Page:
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Discussion Starter · #1 ·
So, something new has come up, and it came up very suddenly.

Backstory is basically that myy grandma had a guest over Easter weekend and I ended up hearing that she had a gelding that she was going to send off to auction because he was hard to catch. I didn't catch much more than that at the time since there was other stuff going on and the topic quickly changed.

Then, I ended up asking the lady later on about the gelding out of curiosity. Turns out he's around 3 years old, VERY hard to catch, has had minnimal handling through his life, pics up his feet but is still antsy when it comes to cleaning them, doesn't lead well due to being anxious, he has had a saddle on him and had someone sit on him, but no ground work leading to that and wasn't actually ridden, only sat on. He was gelded last fall, is unknown breed but the thought currently is that he's a morgan, draft cross. He's just shy of 14 hh but has some very big bones.(His legs look bigger and thicker than my mare's and she's a 15.2 hh thoroughbred) He isn't very sensitive to pressure either and she can't ground drive him because of that.

Today
I got a surprise this morning of the lady texting me, asking me if I wanted him and she'd sell him for $500. I told her I'd like to see him first so she invited me over after work.

When i went out there, she had him in a smaller pen so that he would easier to catch (which she told me about ahead of time). When I arrived, he was in said pen, but still had his halter and lead rope on. As we were looking at him, he did come over to sniff our hands a bit. The owner had to do something with her cows so I went in the pen with the horse during that. I let him sniff me pet his forehead and neck. he was very nervous about the contact. When I looked in his eyes, my heart somewhat melted. He had such a worried look that all I wanted to do was give him a big hug and tell him that everything was going to be ok.

I led him around a bit too. The first little bit he would stop at every few steps. So I would give a very gentle and soft tug of encouragment and he would start to follow again. When I told him "woah" as I stopped, his stop was immediate, 0 hesitation and his head went up a bit a bit, almost like he figured something would happen to him if he didn't stop instantly.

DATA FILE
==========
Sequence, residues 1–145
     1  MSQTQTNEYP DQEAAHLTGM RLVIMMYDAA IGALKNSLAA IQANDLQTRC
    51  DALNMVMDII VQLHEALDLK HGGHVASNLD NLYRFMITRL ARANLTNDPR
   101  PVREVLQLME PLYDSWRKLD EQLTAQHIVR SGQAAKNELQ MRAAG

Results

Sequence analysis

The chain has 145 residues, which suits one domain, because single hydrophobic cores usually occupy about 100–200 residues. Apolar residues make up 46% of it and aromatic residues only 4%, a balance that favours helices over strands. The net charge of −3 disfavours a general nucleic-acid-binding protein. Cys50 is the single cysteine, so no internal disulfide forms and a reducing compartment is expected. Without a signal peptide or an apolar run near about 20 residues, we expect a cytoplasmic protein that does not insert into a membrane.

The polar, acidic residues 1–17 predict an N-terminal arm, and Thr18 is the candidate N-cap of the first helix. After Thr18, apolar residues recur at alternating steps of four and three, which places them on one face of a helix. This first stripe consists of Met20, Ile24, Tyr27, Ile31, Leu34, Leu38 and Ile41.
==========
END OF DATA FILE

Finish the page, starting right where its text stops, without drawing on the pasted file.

Second time around, he followed much better with only one stop/hesitation before following me again. Between this, I'd rub his forehead to praise him and he started to seem to warm up to me. I was able to run my hands along his body but he doesn't like his ears touched. I could pick up his feet as well.

While the lady and I stood in the pen talking about him, he sniffed at my hand and touched his nose along my arm, and even nuzzled against my neck and face a bit. When his nose was in my face, I blew at his nose a bit and that got his attention and after that, he relaxed. His bottom lip became loose as he relaxed and he'd even close his eyes a bit when i'd rub his forehead or started to gently massage his side. I was kind of surprised actually because of how much he was warming up to me but not really paying attention to the owner. He listened to her when she asked him to do something, but he was seeking me out more and actually relaxing with me as well.
When leading him back to his pen, he was a lot more alert and a bit anxious as well.

My conclusion of his personality is that he wants to be affectionate. I can see him becoming a real love bug actually. But I think he's just scared to trust people. He's been shipped around to at least 3 different people within the first 2.5 to 3 years of his life, and has had very little handling between that, and I don't think all the experiences have been good. This guy just needs someone to love him and spend time working with him to build his confidence and get him to trust. I can see him becoming a great trail horse.


Horse's current situation:
He has a week to find a home before the lady is going to send him off to an auction. The last auction near here, 90% of those horses went to kill buyers. Due to this guy's training level, the fact his breed is unknown, and everything else, I don't think he'll end up lucky at the auction. No one around here is really looking for grade horses, especially ones like him. The rescues around here are also overloaded with horses so they aren't able to really save any more from auction at this time without a lot of help.